(BHM) North Carolina based indie-Americana folk quartet Mipso share the contemplative and gentle track "Broken Heart / Open Heart" out everywhere now. The band's propulsive sixth studio album Book of Fools, is due out August 25.
Plus, the band will embark on an extensive tour across North America beginning in Portsmouth, NH on August 17 with tickets on sale now via mipsomusic.com/tour. "Broken Heart / Open Heart" is an earnest processing of grief and display of love and hope amidst loss.
"Broken Heart / Open Heart" out today, was built around the idea that a broken heart can become an open heart. On the track, the band builds to a simmering pace, but it never boils over-the intimate vocal is gripping, alongside the muted piano and an overdriven guitar that add grit to the bittersweetness. Mandolinist and vocalist Jacob Sharp and guitarist Joseph Terrell wrote the track together that became a vessel for his processing of the grief that comes in the wake of losing someone you love.
Referencing the gut-wrenching opening lyrics, "How do you tell someone you're lonely, when they're sitting by your side?" Sharp shares, "I've had a couple friends recently who lost a family member for the first time. My mom was sick for a long time - I remember hard times, and I was broken for a while after she passed." Despite the immense pain and heartache Sharp endured, he's able to embrace the brokenness to rebuild himself. Sharp continues, "Now I look back grateful to have been broken enough to have had to decide how to put myself back together. There's a universal binding in that feeling of realizing you're broken enough to be wide open - and I think with the right support and love that openness can be a gift. "
Book of Fools, the forthcoming sixth studio album by Mipso out August 25, sees the band at their most assured, guided mostly by their own intuition and less impacted by time constraints, expectations or outside forces. Over ten cohesive tracks, driving rhythms, earnest, thoughtful lyricism guide the band back to their roots and who they are at their core. As Terrell puts it, "'Book of Fools' feels more relaxed, more confident, more us - like we're wearing our favorite clothes and telling our favorite story and it feels exciting again." There's a fresh, solid confidence and profound understanding of one another that radiates through the music. It's this palpable connection that can only come from this group playing together around the world several hundreds of times and it's here they rediscover their joy and unmatched connection as musicians and as best friends.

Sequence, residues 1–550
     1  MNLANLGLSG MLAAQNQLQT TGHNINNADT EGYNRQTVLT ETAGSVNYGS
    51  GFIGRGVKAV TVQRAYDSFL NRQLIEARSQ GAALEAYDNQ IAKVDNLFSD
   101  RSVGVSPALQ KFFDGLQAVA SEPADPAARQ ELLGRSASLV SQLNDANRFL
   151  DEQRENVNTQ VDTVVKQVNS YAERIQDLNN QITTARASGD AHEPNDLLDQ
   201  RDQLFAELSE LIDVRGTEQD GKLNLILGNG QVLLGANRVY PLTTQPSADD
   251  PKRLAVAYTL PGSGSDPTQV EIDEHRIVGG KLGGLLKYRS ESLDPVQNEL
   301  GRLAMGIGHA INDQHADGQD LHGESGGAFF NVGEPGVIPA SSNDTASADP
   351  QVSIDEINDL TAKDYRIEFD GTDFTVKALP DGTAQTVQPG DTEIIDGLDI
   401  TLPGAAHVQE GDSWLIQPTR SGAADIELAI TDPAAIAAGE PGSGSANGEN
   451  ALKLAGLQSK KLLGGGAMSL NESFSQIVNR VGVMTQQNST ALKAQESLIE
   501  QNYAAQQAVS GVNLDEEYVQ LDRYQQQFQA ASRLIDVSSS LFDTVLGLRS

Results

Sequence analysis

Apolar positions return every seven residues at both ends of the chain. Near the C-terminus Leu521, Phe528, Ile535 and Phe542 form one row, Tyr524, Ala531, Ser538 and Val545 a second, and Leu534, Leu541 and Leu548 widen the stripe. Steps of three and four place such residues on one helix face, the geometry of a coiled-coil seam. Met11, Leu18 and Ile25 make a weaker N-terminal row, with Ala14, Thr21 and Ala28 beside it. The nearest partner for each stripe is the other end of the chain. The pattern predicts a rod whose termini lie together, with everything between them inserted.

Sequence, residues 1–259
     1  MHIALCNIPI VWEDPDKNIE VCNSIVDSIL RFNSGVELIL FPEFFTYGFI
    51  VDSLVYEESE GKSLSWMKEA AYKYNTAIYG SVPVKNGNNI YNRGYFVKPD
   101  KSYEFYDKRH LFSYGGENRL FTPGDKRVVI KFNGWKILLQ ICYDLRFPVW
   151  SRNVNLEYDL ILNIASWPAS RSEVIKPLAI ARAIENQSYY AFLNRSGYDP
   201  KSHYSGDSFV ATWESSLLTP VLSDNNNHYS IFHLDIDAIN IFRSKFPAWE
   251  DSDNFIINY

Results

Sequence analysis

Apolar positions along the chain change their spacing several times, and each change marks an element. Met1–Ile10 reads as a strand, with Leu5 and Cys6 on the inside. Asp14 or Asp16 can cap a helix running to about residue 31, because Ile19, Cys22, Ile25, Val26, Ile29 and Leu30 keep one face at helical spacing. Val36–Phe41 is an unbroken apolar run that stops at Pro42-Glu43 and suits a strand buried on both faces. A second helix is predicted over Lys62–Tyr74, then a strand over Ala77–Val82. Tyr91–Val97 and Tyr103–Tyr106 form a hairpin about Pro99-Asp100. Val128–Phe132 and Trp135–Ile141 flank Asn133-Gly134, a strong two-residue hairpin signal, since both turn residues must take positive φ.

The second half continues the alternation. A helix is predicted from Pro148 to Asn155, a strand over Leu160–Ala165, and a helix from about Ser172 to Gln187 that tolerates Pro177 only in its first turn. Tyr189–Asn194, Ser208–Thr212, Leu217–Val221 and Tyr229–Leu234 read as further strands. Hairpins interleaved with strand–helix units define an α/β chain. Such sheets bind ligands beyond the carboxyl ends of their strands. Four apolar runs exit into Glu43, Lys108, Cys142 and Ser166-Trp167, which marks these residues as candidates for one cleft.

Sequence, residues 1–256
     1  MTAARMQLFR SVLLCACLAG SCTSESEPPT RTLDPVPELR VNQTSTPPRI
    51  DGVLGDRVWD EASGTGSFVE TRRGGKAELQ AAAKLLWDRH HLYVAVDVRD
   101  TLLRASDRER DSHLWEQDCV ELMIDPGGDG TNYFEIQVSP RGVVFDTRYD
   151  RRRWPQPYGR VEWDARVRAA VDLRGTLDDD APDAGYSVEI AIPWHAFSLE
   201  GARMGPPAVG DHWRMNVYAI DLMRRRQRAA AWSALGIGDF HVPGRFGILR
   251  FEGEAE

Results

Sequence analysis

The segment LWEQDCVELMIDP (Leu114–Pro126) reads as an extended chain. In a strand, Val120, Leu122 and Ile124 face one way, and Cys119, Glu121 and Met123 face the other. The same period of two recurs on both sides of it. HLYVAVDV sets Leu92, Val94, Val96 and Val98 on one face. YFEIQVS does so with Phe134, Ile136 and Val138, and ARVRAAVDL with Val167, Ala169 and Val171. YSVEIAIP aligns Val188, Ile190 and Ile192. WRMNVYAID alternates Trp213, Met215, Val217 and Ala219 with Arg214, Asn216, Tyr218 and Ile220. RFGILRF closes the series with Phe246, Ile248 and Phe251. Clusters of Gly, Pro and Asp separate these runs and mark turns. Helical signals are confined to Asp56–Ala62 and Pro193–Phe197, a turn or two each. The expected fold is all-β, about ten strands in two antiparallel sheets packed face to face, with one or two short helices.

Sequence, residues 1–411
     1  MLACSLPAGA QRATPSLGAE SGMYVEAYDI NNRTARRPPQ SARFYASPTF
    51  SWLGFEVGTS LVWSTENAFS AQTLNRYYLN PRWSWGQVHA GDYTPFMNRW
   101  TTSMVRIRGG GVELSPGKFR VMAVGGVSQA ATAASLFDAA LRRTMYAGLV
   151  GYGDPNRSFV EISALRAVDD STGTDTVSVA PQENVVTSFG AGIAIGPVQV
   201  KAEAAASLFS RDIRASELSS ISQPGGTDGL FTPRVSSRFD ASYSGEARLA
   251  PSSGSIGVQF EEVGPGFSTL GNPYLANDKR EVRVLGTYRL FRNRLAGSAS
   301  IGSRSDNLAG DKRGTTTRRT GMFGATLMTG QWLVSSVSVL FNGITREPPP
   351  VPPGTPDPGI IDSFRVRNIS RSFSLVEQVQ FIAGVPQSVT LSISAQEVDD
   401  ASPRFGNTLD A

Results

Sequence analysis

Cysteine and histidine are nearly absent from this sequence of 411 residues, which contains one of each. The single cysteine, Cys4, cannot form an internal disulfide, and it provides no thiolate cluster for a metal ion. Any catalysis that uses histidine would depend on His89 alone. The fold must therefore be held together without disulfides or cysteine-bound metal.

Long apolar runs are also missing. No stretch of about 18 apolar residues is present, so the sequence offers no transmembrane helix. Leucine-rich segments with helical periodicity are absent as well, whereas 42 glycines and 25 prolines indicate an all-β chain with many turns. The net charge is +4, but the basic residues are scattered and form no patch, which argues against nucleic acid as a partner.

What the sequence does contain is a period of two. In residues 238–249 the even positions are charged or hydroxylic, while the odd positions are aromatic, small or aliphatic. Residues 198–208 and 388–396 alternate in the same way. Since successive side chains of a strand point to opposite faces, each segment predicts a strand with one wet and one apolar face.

The previously shared tracks "The Numbers," and "Carolina Rolling By" have captivated fans who are eagerly anticipating the forthcoming project. "Carolina Rolling By" earned the band the cover of Spotify's Roots Rising and number one spot on the playlist, plus placements on Summer Acoustic, Chill Folk, Fresh Folk, Apple's New in Americana, Southern Craft and Amazon's Fresh Folk & Americana. "The Numbers" also appeared on Fresh Folk and New in Americana.
"The Numbers" is a rhythmic, wry, finger-wagging observation of the market-obsessed culture that permeates American society. Inspired by NPR's Kai Ryssdal and his signature phrase, "Let's do the numbers!," the band wonders how tracking the daily economic tea leaves became a veritable religious observance for the ruling class. Fiddler and vocalist Libby Rodenbough recalls hearing an Iowan voter on TV discussing presidential candidates and saying, "I like the incumbent because the stock market's doing well." Rodenough says, "I looked around at this cruel place where we live and I felt forlorn that the NASDAQ offers anybody any kind of comfort. How do I know things are bad? Because I feel it, and I see it." The notion that the success of the stock market had very little to do with the actual lived experiences of everyday people laid the foundation for the groovy, slick "The Numbers."
The first taste of the forthcoming project, "Carolina Rolling By" is a relaxed, country-tinged groove that tells the story of a down-and-out pill-popping truck driver trying to get back on his feet. Written in part as a love letter to driving around their home state, Mipso's signature layered, poignant harmonies paint a vibrant portrait of the view out of the driver's window-the deep, clear blue sky with the sun beating down and the crisp air floating by. Terrell says the song came about after a boating accident that led to him needing to take painkillers during recovery. Similar to previous Mipso releases, the track finds beauty in pain and allowed Terrell the space to craft the ode to driving through North Carolina that he's always wanted to make. It was during his recovery that the song materialized. Terrell says with a fresh understanding of the power of pills, "I couldn't walk for 12 days but I had my grandma's guitar and some hydrocodone and worked on this song I think because I fully understood for the first time how anyone could get addicted to those."